Chinas AIDS-Krise

Es ist selten, dass sich ein ausländischer Arzt in Chinas ländliche Gegenden verirrt, wo die AIDS-Epidemie des Landes ihren Ursprung nahm und ihren schrecklichen Tribut fordert. Vor kurzem jedoch suchten zwei Krankenschwestern und ich ihm Rahmen eines Besuchs eines Teams von Medecins Sans Frontières (MSF) eines der armen landwirtschaftlichen Gebiete - Nizui in der Provinz Hubei - auf, um die Familie Liu zu besuchen und den Gesundheitszustand ihres sieben Monate alten Babys zu ermitteln. Das Kind hatte die Größe eines zwei Monate alten Babys, doch seine Augen vermittelten den Ausdruck eines 80 Jahre alten Mannes, der schon seit langem die Bekanntschaft mit extremem Leid gemacht hat. Das Baby war dabei, an AIDS zu sterben. Seine Eltern, Tanten und Onkel waren ebenfalls alle HIV-positiv.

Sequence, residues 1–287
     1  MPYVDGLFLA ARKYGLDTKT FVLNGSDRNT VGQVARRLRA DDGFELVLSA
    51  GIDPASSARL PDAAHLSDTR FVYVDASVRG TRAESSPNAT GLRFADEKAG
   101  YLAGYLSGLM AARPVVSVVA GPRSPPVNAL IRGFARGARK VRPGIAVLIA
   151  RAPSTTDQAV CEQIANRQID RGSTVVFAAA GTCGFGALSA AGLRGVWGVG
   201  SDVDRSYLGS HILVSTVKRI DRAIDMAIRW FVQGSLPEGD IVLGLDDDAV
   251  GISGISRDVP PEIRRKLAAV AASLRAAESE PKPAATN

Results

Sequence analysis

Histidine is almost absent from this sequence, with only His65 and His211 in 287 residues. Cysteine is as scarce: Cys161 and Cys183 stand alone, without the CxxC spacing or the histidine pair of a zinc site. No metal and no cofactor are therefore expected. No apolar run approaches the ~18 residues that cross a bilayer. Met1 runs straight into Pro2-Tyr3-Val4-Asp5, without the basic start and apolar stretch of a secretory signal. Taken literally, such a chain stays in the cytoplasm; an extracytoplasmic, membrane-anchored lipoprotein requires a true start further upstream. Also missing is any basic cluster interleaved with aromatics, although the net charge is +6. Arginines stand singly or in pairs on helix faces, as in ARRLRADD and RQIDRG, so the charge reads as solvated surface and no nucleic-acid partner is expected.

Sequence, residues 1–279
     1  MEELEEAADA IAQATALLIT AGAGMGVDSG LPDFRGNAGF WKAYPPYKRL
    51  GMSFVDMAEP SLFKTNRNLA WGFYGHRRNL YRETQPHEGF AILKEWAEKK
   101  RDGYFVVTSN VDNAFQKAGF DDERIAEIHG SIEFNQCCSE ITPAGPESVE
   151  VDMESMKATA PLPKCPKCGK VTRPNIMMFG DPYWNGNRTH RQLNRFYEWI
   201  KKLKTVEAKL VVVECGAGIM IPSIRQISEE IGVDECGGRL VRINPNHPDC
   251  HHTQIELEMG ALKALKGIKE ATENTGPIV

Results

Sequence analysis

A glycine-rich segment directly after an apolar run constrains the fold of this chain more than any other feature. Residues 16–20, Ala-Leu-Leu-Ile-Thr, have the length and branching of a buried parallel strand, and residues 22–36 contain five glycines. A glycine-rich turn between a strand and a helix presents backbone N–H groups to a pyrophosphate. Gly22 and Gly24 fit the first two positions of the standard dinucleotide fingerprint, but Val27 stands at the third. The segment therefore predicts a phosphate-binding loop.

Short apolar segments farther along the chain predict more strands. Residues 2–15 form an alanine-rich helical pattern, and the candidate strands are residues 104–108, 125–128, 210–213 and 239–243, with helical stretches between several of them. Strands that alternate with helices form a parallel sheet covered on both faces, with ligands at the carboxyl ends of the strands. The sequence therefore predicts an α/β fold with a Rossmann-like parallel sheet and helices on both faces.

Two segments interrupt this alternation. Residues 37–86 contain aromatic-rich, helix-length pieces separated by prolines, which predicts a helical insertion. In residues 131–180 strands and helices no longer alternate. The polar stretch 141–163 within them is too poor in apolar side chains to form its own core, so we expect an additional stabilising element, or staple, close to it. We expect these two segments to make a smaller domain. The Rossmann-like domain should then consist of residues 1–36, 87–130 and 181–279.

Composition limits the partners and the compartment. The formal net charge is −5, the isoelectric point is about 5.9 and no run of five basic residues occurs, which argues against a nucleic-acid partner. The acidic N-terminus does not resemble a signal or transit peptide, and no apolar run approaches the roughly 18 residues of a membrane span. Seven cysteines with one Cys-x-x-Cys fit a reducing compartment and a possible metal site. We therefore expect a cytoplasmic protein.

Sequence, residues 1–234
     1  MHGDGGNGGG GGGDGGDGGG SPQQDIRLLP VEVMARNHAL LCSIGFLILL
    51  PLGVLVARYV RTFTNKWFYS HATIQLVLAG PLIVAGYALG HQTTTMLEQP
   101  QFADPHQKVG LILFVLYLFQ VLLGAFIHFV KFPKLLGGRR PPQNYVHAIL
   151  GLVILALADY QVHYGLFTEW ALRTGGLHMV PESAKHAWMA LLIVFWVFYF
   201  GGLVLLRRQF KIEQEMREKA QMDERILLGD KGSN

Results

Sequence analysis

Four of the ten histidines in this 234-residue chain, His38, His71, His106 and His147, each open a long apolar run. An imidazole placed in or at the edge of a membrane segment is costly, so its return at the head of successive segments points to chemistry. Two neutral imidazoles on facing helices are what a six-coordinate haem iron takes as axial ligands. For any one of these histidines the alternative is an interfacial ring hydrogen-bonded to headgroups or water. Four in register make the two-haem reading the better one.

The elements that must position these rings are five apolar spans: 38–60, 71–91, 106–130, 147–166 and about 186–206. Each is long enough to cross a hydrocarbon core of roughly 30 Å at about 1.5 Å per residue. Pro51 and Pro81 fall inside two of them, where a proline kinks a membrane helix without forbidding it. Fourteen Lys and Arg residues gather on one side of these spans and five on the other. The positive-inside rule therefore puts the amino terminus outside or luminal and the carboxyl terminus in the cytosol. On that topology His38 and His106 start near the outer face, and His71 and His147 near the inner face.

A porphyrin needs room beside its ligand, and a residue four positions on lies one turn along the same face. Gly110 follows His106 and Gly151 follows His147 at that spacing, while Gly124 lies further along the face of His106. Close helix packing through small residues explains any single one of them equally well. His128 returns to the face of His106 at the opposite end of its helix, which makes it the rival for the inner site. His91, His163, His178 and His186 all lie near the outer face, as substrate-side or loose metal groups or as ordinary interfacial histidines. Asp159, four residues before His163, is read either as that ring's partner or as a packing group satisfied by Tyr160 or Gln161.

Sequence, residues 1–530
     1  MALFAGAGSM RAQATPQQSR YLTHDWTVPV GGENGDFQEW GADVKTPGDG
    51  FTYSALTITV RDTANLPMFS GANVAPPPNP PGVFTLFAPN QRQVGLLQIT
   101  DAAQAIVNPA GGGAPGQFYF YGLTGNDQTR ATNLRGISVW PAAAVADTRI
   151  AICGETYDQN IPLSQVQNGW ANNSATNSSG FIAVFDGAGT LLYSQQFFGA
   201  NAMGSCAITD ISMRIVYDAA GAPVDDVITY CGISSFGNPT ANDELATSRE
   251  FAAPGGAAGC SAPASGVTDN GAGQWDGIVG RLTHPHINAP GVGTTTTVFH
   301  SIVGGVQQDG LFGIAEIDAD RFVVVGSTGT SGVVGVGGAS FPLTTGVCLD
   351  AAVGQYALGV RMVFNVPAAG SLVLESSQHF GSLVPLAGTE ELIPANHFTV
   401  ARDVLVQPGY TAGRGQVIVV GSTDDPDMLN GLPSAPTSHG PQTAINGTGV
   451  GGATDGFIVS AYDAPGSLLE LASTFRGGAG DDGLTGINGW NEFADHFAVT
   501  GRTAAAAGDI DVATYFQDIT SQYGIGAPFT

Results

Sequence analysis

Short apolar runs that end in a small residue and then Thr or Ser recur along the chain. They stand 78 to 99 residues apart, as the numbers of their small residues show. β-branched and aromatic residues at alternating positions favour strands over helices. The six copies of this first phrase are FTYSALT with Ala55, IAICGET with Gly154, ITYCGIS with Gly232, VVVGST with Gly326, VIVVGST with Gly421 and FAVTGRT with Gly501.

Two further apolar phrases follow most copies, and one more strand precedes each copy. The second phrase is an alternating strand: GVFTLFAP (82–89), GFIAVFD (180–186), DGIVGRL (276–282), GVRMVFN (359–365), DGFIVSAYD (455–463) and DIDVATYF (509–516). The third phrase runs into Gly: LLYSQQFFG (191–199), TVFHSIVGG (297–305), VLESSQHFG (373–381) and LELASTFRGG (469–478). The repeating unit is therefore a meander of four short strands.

Die Lius sind eine von tausenden von armen Bauernfamilien im Landesinneren Chinas, die sich in den 1990er Jahren durch verunreinigte Blutspenden mit dem HIV-Virus infizierten, weil unzureichend regulierte gewerbliche Blutbanken die Nadeln mehrfach benutzten und so nach der Plasmaentnahme Blut von infizierten auf nicht infizierte Blutspender übertrugen.

Das chinesische Gesundheitsministerium bezifferte die Gesamtzahl der HIV/AIDS-Fälle jüngst auf 840.000; die meisten Experten gehen allerdings davon aus, dass die tatsächliche Zahl erheblich höher liegt. Einige sind der Ansicht, dass die Anzahl der infizierten Chinesen bis 2010 zehn Millionen erreichen könnte.

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